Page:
Within the gold and silver community, there is no shortage of conspiracy theories, many of the tin hat variety. In April 2016, however, Deutsche Bank AG (NYSE: DB) admitted to participating in a large-scale manipulation of gold and silver markets that started in 2007. The potential for manipulation of the London gold and silver fixes had been a topic of conversation for decades, resulting from an archaic price-setting process, which was done behind closed doors by a handful of bank representatives. Generally speaking, these types of trades typically involve institutional-sized orders intended to capitalize on changes of a few pennies or less on futures contracts, meaning the impact on average investors is negligible. However, for institutional traders, consistent losses on manipulated trades can add up quickly.
Manipulation and Secret Auctions
The process of the London gold fix traces its roots back to the days following the end of World War I, as a group of five banks gathered for a daily auction at noon GMT to set the price of gold at the London offices of Nathan Mayer Rothschild & Sons. In 1968, a second gold auction was set for 3 p.m. GMT to fix the gold price for the opening of trading in the United States. The noon meeting was changed to 10:30 a.m. GMT. The silver fix was conducted in much the same way but traces its history back to the 19th century. Silver prices were fixed during a single daily auction at noon GMT.
In 2004, the gold fix meetings were replaced by conference calls with five participants: Barclays PLC (NYSE: BCS), Deutsche Bank AG, The Bank of Nova Scotia (NYSE: BNS), HSBC Holdings Plc (NYSE: HSBC) and Société Générale Group (OTC: SCGLY). Silver price fixes involved only Deutsche Bank, HSBC and The Bank of Nova Scotia. From the beginning, regardless of whether the auctions took place in face-to-face meetings or during conference calls, whatever transpired between the participating banks happened without oversight, and there was nothing to prevent front running trades and arbitrage tactics based on the information disclosed at the secretive auctions.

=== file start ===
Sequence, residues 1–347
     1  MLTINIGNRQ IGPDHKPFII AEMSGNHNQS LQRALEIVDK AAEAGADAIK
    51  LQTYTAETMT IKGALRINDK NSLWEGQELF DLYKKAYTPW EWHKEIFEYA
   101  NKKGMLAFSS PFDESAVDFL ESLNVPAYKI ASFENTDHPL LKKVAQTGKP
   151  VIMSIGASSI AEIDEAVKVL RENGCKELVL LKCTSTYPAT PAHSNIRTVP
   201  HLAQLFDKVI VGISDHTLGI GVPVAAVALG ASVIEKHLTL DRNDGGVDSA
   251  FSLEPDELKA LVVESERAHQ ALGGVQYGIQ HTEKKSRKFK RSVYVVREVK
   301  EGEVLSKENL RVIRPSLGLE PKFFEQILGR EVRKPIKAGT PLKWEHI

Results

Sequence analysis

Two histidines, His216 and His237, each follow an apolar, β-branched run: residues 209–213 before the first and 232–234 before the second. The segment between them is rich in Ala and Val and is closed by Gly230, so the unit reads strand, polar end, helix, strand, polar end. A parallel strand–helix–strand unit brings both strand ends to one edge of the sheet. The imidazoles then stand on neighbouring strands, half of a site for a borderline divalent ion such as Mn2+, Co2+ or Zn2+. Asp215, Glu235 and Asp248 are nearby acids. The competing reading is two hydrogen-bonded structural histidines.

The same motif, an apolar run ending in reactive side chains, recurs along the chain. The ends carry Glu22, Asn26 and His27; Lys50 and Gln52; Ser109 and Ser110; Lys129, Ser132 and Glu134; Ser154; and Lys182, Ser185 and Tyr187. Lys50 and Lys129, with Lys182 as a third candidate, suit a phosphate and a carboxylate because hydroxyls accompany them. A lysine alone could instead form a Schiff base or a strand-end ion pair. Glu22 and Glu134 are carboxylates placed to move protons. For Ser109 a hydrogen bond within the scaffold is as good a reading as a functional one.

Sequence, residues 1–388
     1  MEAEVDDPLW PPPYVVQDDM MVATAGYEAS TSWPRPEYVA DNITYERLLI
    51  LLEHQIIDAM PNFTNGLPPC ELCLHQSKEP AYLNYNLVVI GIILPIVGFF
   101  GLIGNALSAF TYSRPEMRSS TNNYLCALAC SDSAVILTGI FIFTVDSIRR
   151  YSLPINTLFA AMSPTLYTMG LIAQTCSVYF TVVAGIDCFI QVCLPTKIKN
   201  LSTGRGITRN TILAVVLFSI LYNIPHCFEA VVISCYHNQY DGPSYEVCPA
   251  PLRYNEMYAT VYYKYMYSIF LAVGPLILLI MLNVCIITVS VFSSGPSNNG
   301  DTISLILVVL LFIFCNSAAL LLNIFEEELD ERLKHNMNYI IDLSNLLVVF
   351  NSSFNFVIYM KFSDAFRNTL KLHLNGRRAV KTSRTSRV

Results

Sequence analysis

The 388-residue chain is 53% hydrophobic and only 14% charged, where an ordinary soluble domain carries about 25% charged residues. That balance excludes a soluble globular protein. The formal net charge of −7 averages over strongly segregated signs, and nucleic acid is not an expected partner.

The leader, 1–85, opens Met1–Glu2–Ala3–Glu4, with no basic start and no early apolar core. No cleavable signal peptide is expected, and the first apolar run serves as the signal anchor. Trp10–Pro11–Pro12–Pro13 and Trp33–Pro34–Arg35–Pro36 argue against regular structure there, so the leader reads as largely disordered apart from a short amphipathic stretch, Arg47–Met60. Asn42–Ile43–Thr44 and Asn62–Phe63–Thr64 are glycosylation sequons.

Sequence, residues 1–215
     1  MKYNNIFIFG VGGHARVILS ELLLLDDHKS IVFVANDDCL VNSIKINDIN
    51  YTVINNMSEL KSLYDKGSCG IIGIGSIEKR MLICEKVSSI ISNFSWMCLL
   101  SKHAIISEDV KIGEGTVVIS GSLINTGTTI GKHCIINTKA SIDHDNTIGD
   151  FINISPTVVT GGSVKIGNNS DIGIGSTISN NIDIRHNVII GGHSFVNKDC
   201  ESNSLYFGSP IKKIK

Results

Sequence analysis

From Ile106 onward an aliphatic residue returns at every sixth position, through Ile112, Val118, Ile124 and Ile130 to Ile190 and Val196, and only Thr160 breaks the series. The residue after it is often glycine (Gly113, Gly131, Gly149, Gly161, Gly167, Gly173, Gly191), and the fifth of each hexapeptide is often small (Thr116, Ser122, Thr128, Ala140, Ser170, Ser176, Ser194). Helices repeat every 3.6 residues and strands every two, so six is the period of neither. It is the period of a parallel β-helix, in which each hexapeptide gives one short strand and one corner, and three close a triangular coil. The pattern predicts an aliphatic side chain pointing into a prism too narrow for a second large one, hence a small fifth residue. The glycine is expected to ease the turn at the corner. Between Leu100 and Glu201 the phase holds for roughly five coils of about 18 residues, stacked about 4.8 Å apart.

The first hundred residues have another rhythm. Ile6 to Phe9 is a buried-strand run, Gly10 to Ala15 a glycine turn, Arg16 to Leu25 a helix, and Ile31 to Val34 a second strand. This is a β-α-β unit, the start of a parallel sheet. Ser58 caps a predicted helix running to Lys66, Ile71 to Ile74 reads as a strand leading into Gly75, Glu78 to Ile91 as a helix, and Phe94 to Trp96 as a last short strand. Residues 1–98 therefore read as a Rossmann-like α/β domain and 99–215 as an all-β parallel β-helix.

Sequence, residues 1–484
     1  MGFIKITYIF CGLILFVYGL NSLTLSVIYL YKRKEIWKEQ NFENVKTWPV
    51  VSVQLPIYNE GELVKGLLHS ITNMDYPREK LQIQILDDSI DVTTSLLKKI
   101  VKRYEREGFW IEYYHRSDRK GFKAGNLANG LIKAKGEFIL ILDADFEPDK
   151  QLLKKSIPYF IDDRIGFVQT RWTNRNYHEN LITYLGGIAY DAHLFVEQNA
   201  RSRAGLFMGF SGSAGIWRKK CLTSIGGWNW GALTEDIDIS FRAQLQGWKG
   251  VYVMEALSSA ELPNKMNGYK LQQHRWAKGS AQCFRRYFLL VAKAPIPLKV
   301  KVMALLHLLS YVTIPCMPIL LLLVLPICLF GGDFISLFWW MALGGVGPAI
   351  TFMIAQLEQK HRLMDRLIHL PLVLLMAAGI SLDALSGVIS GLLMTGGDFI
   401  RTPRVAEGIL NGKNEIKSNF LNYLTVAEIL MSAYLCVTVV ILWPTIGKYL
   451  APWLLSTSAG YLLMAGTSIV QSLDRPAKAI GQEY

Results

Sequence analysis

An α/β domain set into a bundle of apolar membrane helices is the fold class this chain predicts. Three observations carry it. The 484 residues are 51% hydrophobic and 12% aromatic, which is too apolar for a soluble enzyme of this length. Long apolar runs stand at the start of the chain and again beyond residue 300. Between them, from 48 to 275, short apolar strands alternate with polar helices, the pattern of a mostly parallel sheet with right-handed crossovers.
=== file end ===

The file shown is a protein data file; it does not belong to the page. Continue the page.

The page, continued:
Deutsche Bank Settles
To settle the lawsuits filed against it, Deutsche Bank agreed to pay compensatory fines to separate settlement funds for gold and silver plaintiffs. Terms of the settlement were not disclosed. The bank also declared its intent to roll over against its co-conspirators, all of which have yet to settle the cases against them. As part of the settlement, Deutsche Bank must assist prosecutors’ pursuits of claims, including the provision of emails and instant messages relevant to the price-rigging schemes. In addition to the claims of manipulation filed against banks that participated directly, allegations of conspiring to exploit manipulated metals prices were also filed against UBS AG (NYSE: AG).
The Continuation of Manipulation
In 2015, Citigroup Inc. (NYSE: C), JPMorgan Chase & Co (NYSE: JPM), Barclays, UBS AG, The Royal Bank of Scotland Group plc (NYSE: RBS), and Bank of America Corporation (NYSE: BAC) were fined an aggregate of $6 billion for manipulating foreign currencies before and after daily price fixes. The strategy used by the banks to manipulate foreign currencies was similar to the gold and silver price fixing scheme, but instead of sharing information on pending trades through regularly scheduled conference calls, traders communicated through chat rooms. For example, if large buy orders from customers were coming in, traders ran prices higher prior to the fix, sold currencies to the customers and covered their short positions as prices settled lower after the fix.
Also in 2015, a group of 16 banks led by Deutsche Bank, Barclays, UBS, Rabobank and the Royal Bank of Scotland was found to have manipulated the London Interbank Offered Rate (LIBOR) for a period extending from 2003 to 2011. The scheme to manipulate the LIBOR rate, which serves as the benchmark for trillions of dollars in debt securities, enabled traders to generate returns on the sales or purchases of interest rate derivatives, such as credit default swaps, by adjusting the rate to maximize bank profits. The estimate for the total amount of fines for the 16 banks to settle the scheme is $35 billion.
Manipulation for Profit
In relative terms, the effects of gold, silver, foreign currency and the LIBOR rate manipulations are far more significant for the sponsoring banks and their institutional customers than for average investors, as the principle amounts of manipulated trades are generally quite large and price changes can be exceedingly small. Financial institutions on the wrong end of these trades, however, can accumulate substantial losses over time.
The unknown issue, which is a common thread in these three cases, is the relationship of levied fines to the levels of profit generated for the banks by each scheme. Considering the ongoing nature of manipulative practices, however, it is likely that banks are generating enough profits using illicit tactics to consider fines as a cost of doing business.